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The First Amendment and the Internet:

Overview
Cases
Links
Background Notes

Overview

Litigation concerning governmental efforts to regulate speech on the Net has established that Net communications are to be accorded the full measure of First Amendment protection. Two themes predominate in these cases, one common to all First Amendment cases and one more or less unique to the Net. First is the tension between the legitimate need to regulate speech -- for example, to protect minors from exposure to pornography -- and the free speech requirements of an open society. The second theme concerns whether the most restrictive local standards of obscenity to be found in the nation will, in effect, govern what may appear on the Net or whether a more permissive standard -- perhaps even a standard particular to the cyberspace community itself -- will obtain.

For a general discussion of this topic see our Background Notes.

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Cases

Reno v. American Civil Liberties Union, 521 U.S. 844, 117 S.Ct. 2329 (1997)

In Reno, the United States Supreme Court struck down part or all of two far reaching provisions of the Communications Decency Act of 1996 ("the CDA") and in so doing established unequivocally that the medium of the Internet is entitled to the broadest First Amendment protections accorded traditional media such as books and newspapers, and not merely to the more limited First Amendment protections accorded broadcast media.

For further information about this case see our in-depth analysis.

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Apollomedia Corp. v. Reno, 19 F.Supp. 2d 1081 (N.D. Calif. 1998)

Despite the Supreme Courtís decision in Reno v. ACLU striking down a portion of the CDA prohibiting the knowing transmission of indecent -- as opposed to obscene -- messages to minors, the Apollomedia court did not strike the phrase "indecent" from a CDA provision criminalizing obscene and indecent communications made with the intent to annoy. The court let the provision stand, but limited its reach to obscene communications which are not protected by the First Amendment.

Apollomedia, which operates the "annoy.com" web site, appealed. On April 19, 1999, the Supreme Court summarily affirmed the Ninth Circuit's ruling.

For further information about this case see our in-depth analysis.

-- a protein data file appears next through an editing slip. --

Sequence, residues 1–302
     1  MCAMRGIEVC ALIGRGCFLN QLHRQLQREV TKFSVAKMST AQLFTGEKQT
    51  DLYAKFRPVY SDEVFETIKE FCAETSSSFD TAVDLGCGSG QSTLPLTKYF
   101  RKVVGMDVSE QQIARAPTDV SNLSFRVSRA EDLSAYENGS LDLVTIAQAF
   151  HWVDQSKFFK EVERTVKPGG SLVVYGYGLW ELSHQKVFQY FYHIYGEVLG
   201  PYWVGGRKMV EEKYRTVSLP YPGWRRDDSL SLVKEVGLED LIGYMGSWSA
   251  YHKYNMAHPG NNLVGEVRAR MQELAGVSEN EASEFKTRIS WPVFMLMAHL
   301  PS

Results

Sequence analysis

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American Libraries Assn.. v. Pataki, 969 F. Supp. 160 (S.D. N.Y. 1997)

This case suggests that a state which seeks to regulate speech on the Internet must clear two constitutional hurdles: the First Amendment and the Commerce Clause. Here, the enforcement of a New York criminal statute analogous to the CDA was enjoined by a federal district court on the basis of the Commerce Clause which restricts the stateís ability to interfere with the flow of interstate commerce.

For further information about this case see our in-depth analysis.

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A.C.L.U. v. Miller, 977 F. Supp. 1228 (N.D. Ga. 1997)

Here, the "mini - CDA" of Georgia was struck down on this case on the ground that it appeared to impose content based speech restrictions that were not narrowly tailored in light of the state interest at stake. In addition, the court also held that, as drafted, the statue was overly broad and void for vagueness.

For further information about this case see our in-depth analysis.

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United States v. Thomas, 74 F.3d 701 (6th Cir. 1996)

In this case, the obscenity-based convictions in Tennessee of a California couple, who operated a "for fee" Bulletin Board Service that allowed members to download pornographic materials, were upheld after the court rejected the defendants' claim that under the First Amendment, the "community standards" by which the "obscene" nature of the materials should have been measured was that of the "cyberspace community" and not that of Memphis, Tennessee.